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How to cope if you owe income tax – Mortgage Matters

For the self-employed, the tax filing date has not changed and taxes must be filed by June 15, 2022.

All payments for the current tax year are due by April 30, 2021, which applies to balances and payments under Part 1 of the Income Tax Act. For all others, the payment date and deposit date are April 30, 2022.

When you are self-employed and have no tax deductions from your pay and have not made other arrangements to cover your tax debt at the end of the year, you may have a problem. Tax debt is serious and should be dealt with immediately.

The Canada Revenue Agency has extensive powers when you owe them money. If you owe them, they’ll find a way to recover. They charge penalties and interest on your overdue taxes. They can withhold payment of your Child Tax Credit and GST Refund. They can take money from your bank account or garnish your wages.

If you own real estate, the CRA can register a lien on your property if what you owe them has been unpaid for a long time. This is done to ensure that you pay your outstanding debt. When a lien is registered on your property, it may prohibit you from refinancing or selling your property until the outstanding debt is fully paid.

An important issue to consider is that if you are self-employed and your income tax is not up to date, you will not be able to obtain mortgage financing to buy a home, purchase a vacation property, transfer your mortgage, or access to the equity in your property. Even our alternative and private lenders will not advance a mortgage unless any CRA back taxes are paid in full.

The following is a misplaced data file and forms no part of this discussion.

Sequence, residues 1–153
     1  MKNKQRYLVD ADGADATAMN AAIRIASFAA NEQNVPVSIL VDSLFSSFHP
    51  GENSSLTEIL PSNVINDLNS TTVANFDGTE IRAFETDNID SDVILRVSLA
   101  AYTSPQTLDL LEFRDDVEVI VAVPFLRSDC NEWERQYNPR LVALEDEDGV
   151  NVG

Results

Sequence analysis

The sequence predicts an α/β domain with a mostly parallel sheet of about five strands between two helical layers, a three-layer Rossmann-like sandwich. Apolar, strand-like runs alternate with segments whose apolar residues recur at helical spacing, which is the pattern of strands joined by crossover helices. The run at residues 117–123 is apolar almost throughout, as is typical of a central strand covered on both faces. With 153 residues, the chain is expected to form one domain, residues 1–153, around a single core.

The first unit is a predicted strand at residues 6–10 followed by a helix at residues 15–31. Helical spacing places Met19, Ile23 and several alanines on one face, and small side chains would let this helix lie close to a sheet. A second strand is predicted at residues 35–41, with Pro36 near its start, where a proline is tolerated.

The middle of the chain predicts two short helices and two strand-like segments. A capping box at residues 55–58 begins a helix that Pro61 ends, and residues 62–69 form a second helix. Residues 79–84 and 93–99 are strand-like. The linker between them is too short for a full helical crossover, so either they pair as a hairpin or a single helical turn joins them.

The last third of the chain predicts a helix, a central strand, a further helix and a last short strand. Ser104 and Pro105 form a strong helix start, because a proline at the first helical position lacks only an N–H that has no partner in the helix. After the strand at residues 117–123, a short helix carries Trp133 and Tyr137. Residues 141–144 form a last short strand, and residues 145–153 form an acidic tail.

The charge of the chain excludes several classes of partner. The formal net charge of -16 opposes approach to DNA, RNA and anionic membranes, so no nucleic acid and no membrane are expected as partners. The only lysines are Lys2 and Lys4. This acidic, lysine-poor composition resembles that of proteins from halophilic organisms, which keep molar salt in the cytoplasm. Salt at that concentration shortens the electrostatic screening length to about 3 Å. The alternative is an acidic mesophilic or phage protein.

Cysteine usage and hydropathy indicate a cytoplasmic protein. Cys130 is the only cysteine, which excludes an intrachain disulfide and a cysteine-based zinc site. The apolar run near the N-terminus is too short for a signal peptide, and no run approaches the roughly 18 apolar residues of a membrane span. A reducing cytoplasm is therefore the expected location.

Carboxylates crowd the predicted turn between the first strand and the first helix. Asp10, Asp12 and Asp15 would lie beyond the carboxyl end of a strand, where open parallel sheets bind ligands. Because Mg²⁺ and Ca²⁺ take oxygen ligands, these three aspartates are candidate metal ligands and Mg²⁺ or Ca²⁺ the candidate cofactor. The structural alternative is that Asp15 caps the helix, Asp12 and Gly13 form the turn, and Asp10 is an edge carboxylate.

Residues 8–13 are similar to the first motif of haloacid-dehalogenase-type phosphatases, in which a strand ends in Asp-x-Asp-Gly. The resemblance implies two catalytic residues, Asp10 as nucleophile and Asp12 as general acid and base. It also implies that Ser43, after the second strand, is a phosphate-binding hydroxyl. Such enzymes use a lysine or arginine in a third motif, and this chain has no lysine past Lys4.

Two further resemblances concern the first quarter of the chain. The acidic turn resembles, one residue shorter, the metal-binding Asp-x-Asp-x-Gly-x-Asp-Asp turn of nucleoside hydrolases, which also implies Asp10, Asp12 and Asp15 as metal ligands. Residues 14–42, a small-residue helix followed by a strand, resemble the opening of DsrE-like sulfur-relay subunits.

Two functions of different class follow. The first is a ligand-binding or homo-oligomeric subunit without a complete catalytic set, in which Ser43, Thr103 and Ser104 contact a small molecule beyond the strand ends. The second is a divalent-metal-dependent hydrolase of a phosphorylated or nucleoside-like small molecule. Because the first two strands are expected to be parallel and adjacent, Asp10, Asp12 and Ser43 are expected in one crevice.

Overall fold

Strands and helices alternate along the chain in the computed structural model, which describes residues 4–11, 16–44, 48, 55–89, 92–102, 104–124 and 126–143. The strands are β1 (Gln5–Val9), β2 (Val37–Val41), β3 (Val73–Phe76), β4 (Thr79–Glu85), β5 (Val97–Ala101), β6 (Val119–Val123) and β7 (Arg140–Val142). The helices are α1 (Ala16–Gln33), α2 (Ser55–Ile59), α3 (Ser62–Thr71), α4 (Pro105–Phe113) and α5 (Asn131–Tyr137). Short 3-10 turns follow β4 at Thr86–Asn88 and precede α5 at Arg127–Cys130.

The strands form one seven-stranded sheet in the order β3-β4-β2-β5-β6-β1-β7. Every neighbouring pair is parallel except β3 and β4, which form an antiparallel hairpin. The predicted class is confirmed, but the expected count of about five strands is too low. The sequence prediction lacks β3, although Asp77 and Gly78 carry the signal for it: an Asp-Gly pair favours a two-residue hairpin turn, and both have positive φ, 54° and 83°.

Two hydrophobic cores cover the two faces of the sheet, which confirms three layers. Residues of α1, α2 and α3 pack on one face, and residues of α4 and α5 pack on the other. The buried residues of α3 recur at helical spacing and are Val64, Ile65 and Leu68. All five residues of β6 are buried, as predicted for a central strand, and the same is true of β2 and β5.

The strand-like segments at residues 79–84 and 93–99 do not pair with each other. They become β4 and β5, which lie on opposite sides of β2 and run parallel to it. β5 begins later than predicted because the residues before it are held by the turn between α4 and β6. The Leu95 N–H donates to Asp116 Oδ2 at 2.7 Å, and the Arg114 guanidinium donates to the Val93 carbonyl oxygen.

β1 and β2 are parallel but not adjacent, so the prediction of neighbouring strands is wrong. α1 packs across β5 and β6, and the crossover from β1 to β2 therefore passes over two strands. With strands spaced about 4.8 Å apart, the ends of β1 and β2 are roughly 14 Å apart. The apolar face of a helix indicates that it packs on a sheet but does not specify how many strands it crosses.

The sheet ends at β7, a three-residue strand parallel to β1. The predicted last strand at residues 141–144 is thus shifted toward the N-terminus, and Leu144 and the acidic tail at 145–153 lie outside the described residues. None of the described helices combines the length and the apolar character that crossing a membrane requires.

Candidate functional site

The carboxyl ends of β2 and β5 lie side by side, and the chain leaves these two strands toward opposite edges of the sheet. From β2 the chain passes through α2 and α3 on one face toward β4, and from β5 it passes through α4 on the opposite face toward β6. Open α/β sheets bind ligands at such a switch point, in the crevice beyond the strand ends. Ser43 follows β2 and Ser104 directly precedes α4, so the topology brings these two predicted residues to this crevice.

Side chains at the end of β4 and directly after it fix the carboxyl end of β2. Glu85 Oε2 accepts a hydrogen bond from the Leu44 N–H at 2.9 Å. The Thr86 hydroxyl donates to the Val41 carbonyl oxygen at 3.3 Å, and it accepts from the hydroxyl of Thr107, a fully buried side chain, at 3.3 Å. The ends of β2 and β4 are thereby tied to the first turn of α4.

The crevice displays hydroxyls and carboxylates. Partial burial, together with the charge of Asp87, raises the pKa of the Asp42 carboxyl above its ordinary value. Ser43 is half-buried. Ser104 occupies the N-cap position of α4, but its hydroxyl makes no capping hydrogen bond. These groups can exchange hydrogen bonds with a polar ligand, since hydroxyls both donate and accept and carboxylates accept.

Canadian banks and credit unions will not provide an unsecured loan to pay tax debt, nor can they generally refinance an existing mortgage to cover the debt.

The CRA will generally not accept any arrangement other than full payment and this is due and payable at the time of your assessment or reassessment. They cannot set a precedent that would allow them to accept less from everyone. They have one of the highest collection activity rates in Canada because our taxes fund public goods and services. So what do you do if you can’t pay them in full?

Contact them immediately. You may be able to negotiate a payment schedule if you can’t pay the full amount, but they usually won’t leave it unpaid for more than a few months. Be aware that they will continue to charge interest and penalties on the overdue amount.

It is important to note that if you declare bankruptcy or file a consumer proposal, this does not release a lien on your property. If you go bankrupt on your CRA debt, the lien remains and, even worse, accrues interest over time. Even after you are discharged from bankruptcy, the lien remains in effect until you eventually sell your home.

If you’re a homeowner, having an experienced mortgage broker working for you can save you time and money when looking for a solution to your CRA issue. If you just can’t pay the full amount of your back taxes, consider refinancing your mortgage and using the equity in your home, a consolidation loan is possible, which may include tax arrears. taxes and other debts.

Mortgage brokers have access to lenders who will allow refinancing of your existing mortgage or second mortgage options to pay off outstanding CRA debt.

If you are a homeowner and are having trouble paying what is owed to the CRA this year, please call me to discuss it at 1-888-561-2679 or email me at: [email protected].

This article is written by or on behalf of an outsourced columnist and does not necessarily reflect the views of Castanet.